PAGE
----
The Trade Descriptions (Amendment) Ordinance 2005, which was passed by the Legislative Council on June 8, has been gazetted today (June 17) to take immediate effect.
One of the purposes of the Trade Descriptions Ordinance (Cap. 362) (the TDO) is to prohibit false trade descriptions from being applied to goods. Origin marking is a type of trade descriptions and hence is governed by the Ordinance. Under the TDO, origin marking of goods is not mandatory but where such marking is used, it must not be false or misleading.
Some provisions in the TDO, namely section 2(2)(a) which provides for a general deeming provision for determining the origin of goods and section 2(2)(b)(ii) is about the Commissioner of Customs and Excise's power to specify special origin-marking requirement for the purpose of the TDO, make reference to "country" only. This has caused inflexibility when the provisions need to be applied to a "place" where the goods are manufactured.
The main purpose of the Amendment Ordinance is to provide flexibility in the application of sections 2(2)(a) and 2(2)(b)(ii) of the TDO, so that in determining the origin of goods for the purpose of the TDO, these provisions can be applied not only to a "country" but also to a "place".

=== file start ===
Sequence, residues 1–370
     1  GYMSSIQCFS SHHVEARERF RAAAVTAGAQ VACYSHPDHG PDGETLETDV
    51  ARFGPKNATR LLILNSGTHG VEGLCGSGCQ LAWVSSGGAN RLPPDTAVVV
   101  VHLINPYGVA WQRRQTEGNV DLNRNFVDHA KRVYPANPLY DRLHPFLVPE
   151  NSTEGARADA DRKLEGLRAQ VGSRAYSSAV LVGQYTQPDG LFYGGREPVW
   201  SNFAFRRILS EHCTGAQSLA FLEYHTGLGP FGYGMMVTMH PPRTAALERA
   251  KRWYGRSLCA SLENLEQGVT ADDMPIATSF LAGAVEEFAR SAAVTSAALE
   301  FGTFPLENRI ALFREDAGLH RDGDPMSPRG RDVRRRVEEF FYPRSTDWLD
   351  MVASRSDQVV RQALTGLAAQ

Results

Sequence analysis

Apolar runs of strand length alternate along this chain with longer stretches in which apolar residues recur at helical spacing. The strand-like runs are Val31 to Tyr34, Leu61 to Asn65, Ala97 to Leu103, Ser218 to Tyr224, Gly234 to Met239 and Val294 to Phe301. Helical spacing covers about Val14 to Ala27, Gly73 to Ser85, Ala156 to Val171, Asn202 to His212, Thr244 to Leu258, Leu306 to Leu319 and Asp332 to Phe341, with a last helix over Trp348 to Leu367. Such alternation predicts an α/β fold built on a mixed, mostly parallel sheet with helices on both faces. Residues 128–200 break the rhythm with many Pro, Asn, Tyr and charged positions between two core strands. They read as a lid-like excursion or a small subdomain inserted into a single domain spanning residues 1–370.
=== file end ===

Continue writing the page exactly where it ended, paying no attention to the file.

The Amendment Ordinance also introduces consequential amendments to other provisions in the TDO to achieve consistency and clarify the application of existing provisions in the light of the amendments to replace references to "country/countries" by "place/places".
The Amendment Ordinance will not affect the legal framework for the issue of certificates of origin by the Director-General of Trade and Industry and any approved bodies, as it is provided under the Import and Export Ordinance (Cap. 60) and its subsidiary legislation and the Protection of Non-Government Certificates of Origin Ordinance (Cap. 324) respectively but not the TDO.
Ends/Friday, June 17, 2005